Wednesday, October 29, 2014


Scream Fans
Scream Fans!
Slashers lead the Box Office in the 1980s but had faded from their former glory by the 1990s until Wes Craven read Kevin Williamson's script for Scary Movie.

Craven retitled the movie Scream and reinvented the Slasher.

Williamson's script was a lovingly cynical, but smart and funny, take on the Slasher sub-genre.  Craven was best known for creating one of the most popular Slasher franchises in American cinematic history, A Nightmare on Elm Street.  While a literal homage to the genre, Scream's self-awareness alone earned it points for originality when it premiered; the entire movie is about second-guessing The Slasher Movie and the formula is laid-out before you.

While Scream reinvented the Slasher, it could not revive it entirely.  It did revive the Horror movie, though, which had largely been reduced to a quirky and harmless preoccupation with the Occult or overtly Supernatural.  The genre continued in this general direction, with both Buffy the Vampire Slayer and Charmed becoming American television hits, but franchises like Saw and Hostel also appeared.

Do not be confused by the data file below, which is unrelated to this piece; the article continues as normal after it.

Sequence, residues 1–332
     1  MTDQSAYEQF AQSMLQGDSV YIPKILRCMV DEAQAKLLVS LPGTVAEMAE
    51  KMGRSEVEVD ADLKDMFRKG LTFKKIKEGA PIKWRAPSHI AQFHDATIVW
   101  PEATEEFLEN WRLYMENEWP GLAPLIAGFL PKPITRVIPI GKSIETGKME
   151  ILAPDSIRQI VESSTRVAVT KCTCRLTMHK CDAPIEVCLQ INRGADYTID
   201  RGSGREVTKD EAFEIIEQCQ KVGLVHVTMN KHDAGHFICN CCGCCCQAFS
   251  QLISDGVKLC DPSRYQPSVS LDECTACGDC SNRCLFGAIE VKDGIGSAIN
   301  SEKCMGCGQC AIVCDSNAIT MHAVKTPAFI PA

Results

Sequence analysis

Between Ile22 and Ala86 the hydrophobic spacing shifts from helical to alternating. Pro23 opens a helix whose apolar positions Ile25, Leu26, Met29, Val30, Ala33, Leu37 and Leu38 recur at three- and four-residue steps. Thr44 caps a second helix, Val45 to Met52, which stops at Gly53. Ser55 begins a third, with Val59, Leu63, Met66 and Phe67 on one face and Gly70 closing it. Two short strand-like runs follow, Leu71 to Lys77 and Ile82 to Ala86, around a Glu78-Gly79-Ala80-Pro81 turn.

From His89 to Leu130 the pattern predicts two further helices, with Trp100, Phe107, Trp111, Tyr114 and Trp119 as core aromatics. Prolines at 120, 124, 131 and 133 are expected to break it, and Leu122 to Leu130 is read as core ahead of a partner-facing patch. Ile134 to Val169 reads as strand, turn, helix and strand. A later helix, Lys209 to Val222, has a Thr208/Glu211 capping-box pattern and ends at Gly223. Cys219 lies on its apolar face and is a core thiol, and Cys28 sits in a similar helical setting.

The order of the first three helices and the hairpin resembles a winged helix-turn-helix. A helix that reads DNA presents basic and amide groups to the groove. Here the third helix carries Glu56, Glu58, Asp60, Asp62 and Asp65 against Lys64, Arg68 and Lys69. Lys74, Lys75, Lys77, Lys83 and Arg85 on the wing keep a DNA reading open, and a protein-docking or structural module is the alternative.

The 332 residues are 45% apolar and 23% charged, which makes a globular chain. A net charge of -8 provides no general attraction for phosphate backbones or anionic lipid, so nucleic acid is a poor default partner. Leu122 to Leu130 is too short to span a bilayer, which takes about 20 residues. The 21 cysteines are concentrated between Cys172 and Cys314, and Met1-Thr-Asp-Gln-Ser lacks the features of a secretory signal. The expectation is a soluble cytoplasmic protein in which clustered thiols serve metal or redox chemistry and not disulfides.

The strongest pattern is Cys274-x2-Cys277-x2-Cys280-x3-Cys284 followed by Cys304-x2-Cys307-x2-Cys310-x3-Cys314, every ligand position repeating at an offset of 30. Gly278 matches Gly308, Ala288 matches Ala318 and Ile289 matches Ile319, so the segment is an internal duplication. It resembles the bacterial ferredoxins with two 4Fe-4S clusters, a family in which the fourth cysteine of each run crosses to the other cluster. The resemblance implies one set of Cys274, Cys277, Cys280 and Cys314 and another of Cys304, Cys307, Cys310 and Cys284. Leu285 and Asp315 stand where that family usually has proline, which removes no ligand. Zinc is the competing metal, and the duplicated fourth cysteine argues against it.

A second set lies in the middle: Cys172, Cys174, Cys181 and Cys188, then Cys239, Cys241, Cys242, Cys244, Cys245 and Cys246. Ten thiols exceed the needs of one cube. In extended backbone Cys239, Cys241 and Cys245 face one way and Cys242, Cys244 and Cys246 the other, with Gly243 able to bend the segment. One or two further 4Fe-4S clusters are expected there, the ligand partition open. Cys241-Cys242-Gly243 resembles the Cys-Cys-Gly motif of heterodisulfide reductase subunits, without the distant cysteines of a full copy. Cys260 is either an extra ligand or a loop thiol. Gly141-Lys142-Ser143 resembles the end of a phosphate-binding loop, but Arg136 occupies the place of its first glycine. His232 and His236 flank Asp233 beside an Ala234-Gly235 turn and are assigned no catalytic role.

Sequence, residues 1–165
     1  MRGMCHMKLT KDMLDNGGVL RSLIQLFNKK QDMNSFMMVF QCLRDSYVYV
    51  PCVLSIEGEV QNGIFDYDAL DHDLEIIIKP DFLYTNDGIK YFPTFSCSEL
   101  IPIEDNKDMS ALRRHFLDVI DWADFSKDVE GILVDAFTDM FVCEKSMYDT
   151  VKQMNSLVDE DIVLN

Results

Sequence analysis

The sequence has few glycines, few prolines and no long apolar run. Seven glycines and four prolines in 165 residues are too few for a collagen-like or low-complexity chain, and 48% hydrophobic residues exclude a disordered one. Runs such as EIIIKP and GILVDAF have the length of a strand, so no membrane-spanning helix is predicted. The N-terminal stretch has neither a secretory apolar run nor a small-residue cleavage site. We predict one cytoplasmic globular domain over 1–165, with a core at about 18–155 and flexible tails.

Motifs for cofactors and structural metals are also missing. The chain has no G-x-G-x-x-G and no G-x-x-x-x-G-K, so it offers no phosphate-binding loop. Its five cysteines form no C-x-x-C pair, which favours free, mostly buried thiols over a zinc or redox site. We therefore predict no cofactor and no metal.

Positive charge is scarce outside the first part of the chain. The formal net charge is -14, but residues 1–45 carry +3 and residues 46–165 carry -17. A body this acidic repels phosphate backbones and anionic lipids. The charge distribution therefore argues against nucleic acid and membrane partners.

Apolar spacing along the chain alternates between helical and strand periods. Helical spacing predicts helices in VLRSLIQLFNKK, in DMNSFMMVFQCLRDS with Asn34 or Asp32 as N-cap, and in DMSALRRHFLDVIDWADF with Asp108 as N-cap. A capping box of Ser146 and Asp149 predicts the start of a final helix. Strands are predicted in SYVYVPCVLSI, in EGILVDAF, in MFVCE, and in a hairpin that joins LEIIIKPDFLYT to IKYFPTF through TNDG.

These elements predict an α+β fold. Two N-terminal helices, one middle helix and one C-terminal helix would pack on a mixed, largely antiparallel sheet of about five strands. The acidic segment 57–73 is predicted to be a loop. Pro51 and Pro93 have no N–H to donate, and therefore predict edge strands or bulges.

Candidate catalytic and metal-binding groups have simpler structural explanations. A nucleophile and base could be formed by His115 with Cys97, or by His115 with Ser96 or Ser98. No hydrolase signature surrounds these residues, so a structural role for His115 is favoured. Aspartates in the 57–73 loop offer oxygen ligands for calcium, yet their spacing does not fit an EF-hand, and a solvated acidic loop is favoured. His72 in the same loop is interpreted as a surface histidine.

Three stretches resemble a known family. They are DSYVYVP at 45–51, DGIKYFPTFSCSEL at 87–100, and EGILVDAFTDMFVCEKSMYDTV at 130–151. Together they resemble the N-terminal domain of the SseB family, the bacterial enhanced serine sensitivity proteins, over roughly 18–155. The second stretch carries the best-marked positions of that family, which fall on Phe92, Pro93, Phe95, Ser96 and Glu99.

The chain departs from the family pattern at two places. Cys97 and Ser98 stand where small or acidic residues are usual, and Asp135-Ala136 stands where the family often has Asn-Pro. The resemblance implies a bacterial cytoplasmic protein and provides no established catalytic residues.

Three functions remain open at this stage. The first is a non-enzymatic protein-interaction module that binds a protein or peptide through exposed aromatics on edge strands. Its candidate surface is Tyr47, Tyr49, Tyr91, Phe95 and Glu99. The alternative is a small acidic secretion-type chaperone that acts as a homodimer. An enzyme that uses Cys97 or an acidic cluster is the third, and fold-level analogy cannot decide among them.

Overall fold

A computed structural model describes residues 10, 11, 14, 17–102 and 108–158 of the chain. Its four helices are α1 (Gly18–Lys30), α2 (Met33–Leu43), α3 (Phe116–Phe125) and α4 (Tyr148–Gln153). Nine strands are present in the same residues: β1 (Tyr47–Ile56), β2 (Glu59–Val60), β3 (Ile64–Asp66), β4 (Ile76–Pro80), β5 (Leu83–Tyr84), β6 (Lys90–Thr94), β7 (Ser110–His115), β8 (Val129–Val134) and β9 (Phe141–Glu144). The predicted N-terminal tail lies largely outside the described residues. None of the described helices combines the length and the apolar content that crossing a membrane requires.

Sadly, Williamson was typecast too quickly and never managed to match the success of Scream.  Most of his other films were obvious vehicles meant to jumpstart young actors' careers but weren't as clever, fun, or insightful as the original Scream.

Similarly, the Scream franchise sold-out quickly and the sequels lack the snappy dialogue, creativity, and sheer brutality of the first.  In its defense, Scream had painted itself into a corner the first time.

Copyright 2014, The Weirding

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